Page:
Advanced Search
MyIDEAS: Login to save this paper or follow this series

The effect of gasoline prices on household location

Contents:

Author Info

  • Raven Molloy
  • Hui Shan
Registered author(s):

Abstract

Gasoline prices influence where households decide to locate by changing the cost of commuting. Consequently, the substantial increase in gas prices since 2003 may have reduced the demand for housing in areas far from employment centers, leading to a decrease in the price and/or quantity of housing in those locations relative to locations closer to jobs. Using annual panel data on ZIP codes and municipalities in a large number of metropolitan areas of the United States from 1981 to 2008, we find that a 10 percent increase in gas prices leads to a 10 percent decrease in construction after 4 years in locations with a long average commute relative to locations closer to jobs, but to no significant change in house prices. Thus, the supply response may prevent the change in housing demand from capitalizing in house prices. Because housing is durable, the resulting change in construction has a long-lived impact on the spatial distribution of housing units.

Download Info

If you experience problems downloading a file, check if you have the proper application to view it first. In case of further problems read the IDEAS help page. Note that these files are not on the IDEAS site. Please be patient as the files may be large.
File URL: http://www.federalreserve.gov/pubs/feds/2010/201036/201036abs.html
Download Restriction: no

File URL: http://www.federalreserve.gov/pubs/feds/2010/201036/201036pap.pdf
Download Restriction: no

Bibliographic Info

Paper provided by Board of Governors of the Federal Reserve System (U.S.) in its series Finance and Economics Discussion Series with number 2010-36.

as in new window
Length:
Date of creation: 2010
Date of revision:
Handle: RePEc:fip:fedgfe:2010-36

Contact details of provider:
Postal: 20th Street and Constitution Avenue, NW, Washington, DC 20551
Web page: http://www.federalreserve.gov/
More information through EDIRC

Order Information:
Web: http://www.federalreserve.gov/pubs/feds/fedsorder.html

Related research

Keywords: Housing - Prices ; Gasoline;

Other versions of this item:

Find related papers by JEL classification:

This paper has been announced in the following NEP Reports:

References

No references listed on IDEAS
You can help add them by filling out this form.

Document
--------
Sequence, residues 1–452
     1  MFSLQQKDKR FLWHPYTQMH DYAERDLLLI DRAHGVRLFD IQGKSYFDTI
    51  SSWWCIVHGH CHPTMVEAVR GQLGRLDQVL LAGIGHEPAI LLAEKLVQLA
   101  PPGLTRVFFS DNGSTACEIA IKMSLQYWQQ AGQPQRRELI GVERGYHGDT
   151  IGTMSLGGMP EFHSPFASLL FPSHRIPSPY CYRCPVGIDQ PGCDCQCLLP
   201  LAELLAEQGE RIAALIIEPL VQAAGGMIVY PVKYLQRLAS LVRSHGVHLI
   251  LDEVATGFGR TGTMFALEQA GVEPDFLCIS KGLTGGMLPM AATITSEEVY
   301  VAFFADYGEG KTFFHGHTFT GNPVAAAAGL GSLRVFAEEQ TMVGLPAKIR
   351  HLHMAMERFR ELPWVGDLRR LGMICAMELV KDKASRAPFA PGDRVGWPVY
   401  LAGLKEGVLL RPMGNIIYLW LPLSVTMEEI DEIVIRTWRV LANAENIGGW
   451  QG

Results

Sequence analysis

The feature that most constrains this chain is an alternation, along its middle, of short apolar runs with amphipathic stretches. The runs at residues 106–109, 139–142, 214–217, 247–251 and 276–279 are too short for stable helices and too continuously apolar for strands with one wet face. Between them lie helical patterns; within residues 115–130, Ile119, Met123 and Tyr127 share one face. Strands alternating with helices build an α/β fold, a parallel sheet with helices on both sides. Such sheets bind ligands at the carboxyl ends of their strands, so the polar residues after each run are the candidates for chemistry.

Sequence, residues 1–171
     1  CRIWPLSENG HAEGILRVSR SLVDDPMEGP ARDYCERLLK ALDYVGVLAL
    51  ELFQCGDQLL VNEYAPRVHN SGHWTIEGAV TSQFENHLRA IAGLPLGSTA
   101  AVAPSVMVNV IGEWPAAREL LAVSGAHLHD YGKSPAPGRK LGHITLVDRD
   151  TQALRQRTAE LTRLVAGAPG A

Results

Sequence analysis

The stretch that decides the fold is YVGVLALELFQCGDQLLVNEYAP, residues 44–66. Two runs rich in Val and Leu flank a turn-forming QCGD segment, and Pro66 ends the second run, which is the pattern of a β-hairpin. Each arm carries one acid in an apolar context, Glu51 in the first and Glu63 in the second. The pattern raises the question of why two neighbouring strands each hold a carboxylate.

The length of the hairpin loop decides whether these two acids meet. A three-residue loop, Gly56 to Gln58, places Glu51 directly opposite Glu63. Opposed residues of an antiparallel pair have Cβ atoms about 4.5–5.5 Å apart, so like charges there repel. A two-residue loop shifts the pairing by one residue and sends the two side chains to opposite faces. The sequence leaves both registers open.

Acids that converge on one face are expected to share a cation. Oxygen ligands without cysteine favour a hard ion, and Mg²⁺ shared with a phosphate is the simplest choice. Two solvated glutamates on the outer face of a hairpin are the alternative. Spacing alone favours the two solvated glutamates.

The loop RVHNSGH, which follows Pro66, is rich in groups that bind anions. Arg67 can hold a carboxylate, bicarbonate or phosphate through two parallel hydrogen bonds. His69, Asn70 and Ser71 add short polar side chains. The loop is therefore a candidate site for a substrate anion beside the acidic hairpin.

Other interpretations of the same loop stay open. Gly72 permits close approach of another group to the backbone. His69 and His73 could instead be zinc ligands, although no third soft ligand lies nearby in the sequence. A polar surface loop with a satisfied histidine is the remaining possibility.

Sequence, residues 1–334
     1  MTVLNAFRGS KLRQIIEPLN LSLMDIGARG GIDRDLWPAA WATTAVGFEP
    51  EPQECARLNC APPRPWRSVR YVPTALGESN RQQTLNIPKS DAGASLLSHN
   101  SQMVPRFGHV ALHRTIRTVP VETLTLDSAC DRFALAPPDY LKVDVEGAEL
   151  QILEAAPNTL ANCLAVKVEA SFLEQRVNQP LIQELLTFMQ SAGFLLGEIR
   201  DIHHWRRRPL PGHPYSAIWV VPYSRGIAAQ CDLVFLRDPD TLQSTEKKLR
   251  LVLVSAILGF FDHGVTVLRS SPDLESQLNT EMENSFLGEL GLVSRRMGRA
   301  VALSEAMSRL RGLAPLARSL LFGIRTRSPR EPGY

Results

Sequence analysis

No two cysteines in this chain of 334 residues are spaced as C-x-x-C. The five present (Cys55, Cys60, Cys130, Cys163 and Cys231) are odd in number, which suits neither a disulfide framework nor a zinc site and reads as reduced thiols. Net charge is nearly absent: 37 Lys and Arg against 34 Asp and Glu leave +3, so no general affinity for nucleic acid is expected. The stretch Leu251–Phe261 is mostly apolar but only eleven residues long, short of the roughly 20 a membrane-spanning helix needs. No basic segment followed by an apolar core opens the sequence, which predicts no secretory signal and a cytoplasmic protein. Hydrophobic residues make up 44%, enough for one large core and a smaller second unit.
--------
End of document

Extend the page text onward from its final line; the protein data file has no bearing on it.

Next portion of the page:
Citations

Citations are extracted by the CitEc Project, subscribe to its RSS feed for this item.
as in new window

Cited by:
  1. Larson, William & Liu, Feng & Yezer, Anthony, 2012. "Energy footprint of the city: Effects of urban land use and transportation policies," Journal of Urban Economics, Elsevier, vol. 72(2), pages 147-159.
  2. David Genesove & Lu Han, 2012. "A Spatial Look at Housing Boom and Bust Cycles," NBER Chapters, in: Housing and the Financial Crisis, pages 105-141 National Bureau of Economic Research, Inc.
  3. Michael J. Boehm, 2013. "Concentration Versus Re-Matching? Evidence About the Locational Effects of Commuting Costs," CEP Discussion Papers dp1207, Centre for Economic Performance, LSE.
  4. Michael J. Boehm, 2013. "Concentration versus re-matching? Evidence about the locational effects of commuting costs," LSE Research Online Documents on Economics 51542, London School of Economics and Political Science, LSE Library.

Lists

This item is not listed on Wikipedia, on a reading list or among the top items on IDEAS.

Statistics

Access and download statistics

Corrections

When requesting a correction, please mention this item's handle: RePEc:fip:fedgfe:2010-36. See general information about how to correct material in RePEc.

For technical questions regarding this item, or to correct its authors, title, abstract, bibliographic or download information, contact: (Kris Vajs).

If you have authored this item and are not yet registered with RePEc, we encourage you to do it here. This allows to link your profile to this item. It also allows you to accept potential citations to this item that we are uncertain about.

If references are entirely missing, you can add them using this form.

If the full references list an item that is present in RePEc, but the system did not link to it, you can help with this form.

If you know of missing items citing this one, you can help us creating those links by adding the relevant references in the same way as above, for each refering item. If you are a registered author of this item, you may also want to check the "citations" tab in your profile, as there may be some citations waiting for confirmation.

Please note that corrections may take a couple of weeks to filter through the various RePEc services.